When he went to book the sessions for Nashville Skyline, the guitar player they used throughout the years was unavailable. He was already booked on another session. Bob Johnston asked if I would want to play on one of the Dylan sessions until the other guitar player got back. I said I’d be glad to. I was much more excited than that, believe me, that was not my reaction at all. My reaction was wanting to jump through the roof or something. 

    I went in and played and at the end of the session I was packing up my gear to leave and Bob Dylan asked Bob Johnston where I was going. Bob Johnston said I was leaving and he had another guitar player coming in. Bob Dylan said he didn’t want another guitar player, I want him. That was, well you can imagine, it was an incredible big shot in the arm, a recording artist the caliber of Bob Dylan to validate my playing is really hard to even articulate. It meant so much. It saved me a lot of steps because Bob was nice enough throughout the years to put the players names on the back of the album. When you play on a Dylan album your name was on the album. He is the kind of artist where people actually read the lines on the back cover. It was a lot of recognition. It happened instantly basically. It did a lot for me. I don’t even know how much it did for me but it did a lot believe me.

  • Summer Travel 2020

    I am sure like all of you my summer travel plans have changed drastically. Bryan and I had planned a trip to Namibia with friends that I have wanted to do for ten years and now it is not possible. It is definitely going to be a year of alternative plans.

    I have now decided that it is the perfect year to visit places in the United States. I have traveled for years to faraway places all over the world but I have never seen so many of the amazing destinations here at home. I had always put off US travel because I felt like it would be easier to see those places when we were older and when we didn’t want to take all the long international flights.

    There are so many beautiful places to explore in the US so this will be the summer of road trips for me. I do not feel comfortable flying yet so most of my trips will be within 1-2 days driving distance where I can take the proper precautions to social distance. I started my road trip series on May 1 when many of the states started to open up. I drove to New Orleans and also visited family and friends in Tennessee en route.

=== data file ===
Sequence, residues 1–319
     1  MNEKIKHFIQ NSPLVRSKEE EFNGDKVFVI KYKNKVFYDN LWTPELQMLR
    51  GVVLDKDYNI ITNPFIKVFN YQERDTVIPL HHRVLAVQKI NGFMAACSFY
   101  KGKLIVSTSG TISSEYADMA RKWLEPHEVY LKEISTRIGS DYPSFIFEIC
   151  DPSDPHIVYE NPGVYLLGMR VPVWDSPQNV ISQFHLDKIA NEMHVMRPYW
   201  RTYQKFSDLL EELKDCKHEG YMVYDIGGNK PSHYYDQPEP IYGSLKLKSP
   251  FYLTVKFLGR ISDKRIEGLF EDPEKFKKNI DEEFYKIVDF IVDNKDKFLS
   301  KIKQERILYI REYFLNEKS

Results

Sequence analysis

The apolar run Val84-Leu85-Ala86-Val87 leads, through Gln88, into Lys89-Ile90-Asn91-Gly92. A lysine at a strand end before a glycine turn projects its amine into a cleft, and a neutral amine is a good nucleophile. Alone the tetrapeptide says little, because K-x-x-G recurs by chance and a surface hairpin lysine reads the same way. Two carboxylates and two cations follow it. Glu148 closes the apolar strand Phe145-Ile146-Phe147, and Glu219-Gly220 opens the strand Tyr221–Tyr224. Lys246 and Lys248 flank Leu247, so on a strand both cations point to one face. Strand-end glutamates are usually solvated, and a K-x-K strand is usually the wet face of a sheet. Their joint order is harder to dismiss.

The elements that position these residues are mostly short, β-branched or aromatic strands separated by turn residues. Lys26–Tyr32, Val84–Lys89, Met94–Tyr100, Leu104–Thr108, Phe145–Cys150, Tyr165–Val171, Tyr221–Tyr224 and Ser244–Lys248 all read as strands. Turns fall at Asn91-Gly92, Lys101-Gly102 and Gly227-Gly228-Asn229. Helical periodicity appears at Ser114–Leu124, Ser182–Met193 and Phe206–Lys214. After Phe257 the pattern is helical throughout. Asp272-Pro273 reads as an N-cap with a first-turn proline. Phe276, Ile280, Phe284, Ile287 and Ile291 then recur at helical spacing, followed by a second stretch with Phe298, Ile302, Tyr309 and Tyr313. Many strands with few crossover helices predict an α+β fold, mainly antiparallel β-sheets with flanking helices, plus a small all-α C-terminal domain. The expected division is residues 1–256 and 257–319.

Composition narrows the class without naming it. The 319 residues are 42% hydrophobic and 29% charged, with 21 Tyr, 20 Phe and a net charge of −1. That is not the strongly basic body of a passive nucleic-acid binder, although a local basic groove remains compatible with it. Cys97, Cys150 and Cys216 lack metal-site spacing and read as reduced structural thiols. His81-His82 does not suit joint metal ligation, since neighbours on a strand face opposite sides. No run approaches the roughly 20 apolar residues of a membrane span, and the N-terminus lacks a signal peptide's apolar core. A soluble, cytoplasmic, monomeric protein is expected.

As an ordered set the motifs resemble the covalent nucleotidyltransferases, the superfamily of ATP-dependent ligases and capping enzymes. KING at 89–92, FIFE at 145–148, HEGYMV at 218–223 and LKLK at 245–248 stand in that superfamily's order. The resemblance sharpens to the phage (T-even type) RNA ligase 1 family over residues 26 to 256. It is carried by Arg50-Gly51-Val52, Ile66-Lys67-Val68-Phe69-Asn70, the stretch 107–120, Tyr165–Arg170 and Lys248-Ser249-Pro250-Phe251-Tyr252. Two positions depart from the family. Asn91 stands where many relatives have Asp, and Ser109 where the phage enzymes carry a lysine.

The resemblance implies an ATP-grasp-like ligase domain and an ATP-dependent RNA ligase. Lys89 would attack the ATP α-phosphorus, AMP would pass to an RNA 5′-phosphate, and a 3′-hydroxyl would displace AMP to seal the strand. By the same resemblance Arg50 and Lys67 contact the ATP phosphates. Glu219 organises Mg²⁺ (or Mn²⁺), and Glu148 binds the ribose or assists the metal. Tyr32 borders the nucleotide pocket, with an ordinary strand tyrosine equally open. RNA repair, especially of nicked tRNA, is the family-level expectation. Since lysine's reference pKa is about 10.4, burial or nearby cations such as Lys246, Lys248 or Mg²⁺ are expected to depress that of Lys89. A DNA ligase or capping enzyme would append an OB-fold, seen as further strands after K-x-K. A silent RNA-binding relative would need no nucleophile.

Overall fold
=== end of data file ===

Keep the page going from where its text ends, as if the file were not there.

I do not enjoy driving but I found the lack of planning and scheduling was freeing and made the trip less stressful. I feel more in control driving with the coronavirus situation. 

    So far, I have started to make my summer wish list that range from places within an hour from my house like The Ark in Kentucky to a trip out west to see Mount Rushmore and the Badlands at the end of June. 

    Other destinations for the summer include The Legacy Museum in Montgomery, Alabama and a trip back to New Orleans to see friends and tour the Whitney Plantation. I am trying to tie stories together on this blog that not only show nice photos but also tell the history of cultures and places. 

    In the late summer and Fall I plan to visit Savannah, Georgia and Charleston, South Carolina. I will also probably make stops at the Biltmore and Dollywood along the way.

    If work does come back, I will most likely still be driving and trying to take more time to get to and from destinations to find interesting places along the way visit and take photos. 

    I have literally worked all the time for the past 20 years so I am really trying to embrace the time off and see friends and family that I have not seen in many years to catch up and slow down. This is definitely not what was planned but I plan to make the best of the situation with Road Trip 2020.

  • Interview: Sunny Ozell

    Sunny Ozell is an Americana vocalist who splits her time between Brooklyn and LA with her husband Sir Patrick Stewart. Her latest album Overnight Lows was released in March and tells personal stories through the heartfelt lyrics that can take the listener on their own reflective journey. Her music is one of my new finds during this time at home.

    Sunny has also been doing a YouTube series exploring Medieval churches across the English countryside. She loves to do research and then visit these locations across Europe in person to experience the rich culture and ancient artwork at the sites. Her videos take the viewer on an adventure to places that they may not be able to visit in person with descriptions that tell the details of past generations with wonderful live performances inside.

    I was very happy to catch up with Sunny at home in LA to discuss the new record, favorite travel destinations and her love of medieval history.

    Where are you actually quarantined?

    We are in Los Angeles.

    At least it is clear blue skies there for the first time in a long while.

    Indeed yes. We have seen some birds in our yard, and mind you we just moved into this house so we are not that familiar with the neighborhood. I have seen some birds I have never seen before which is really fun.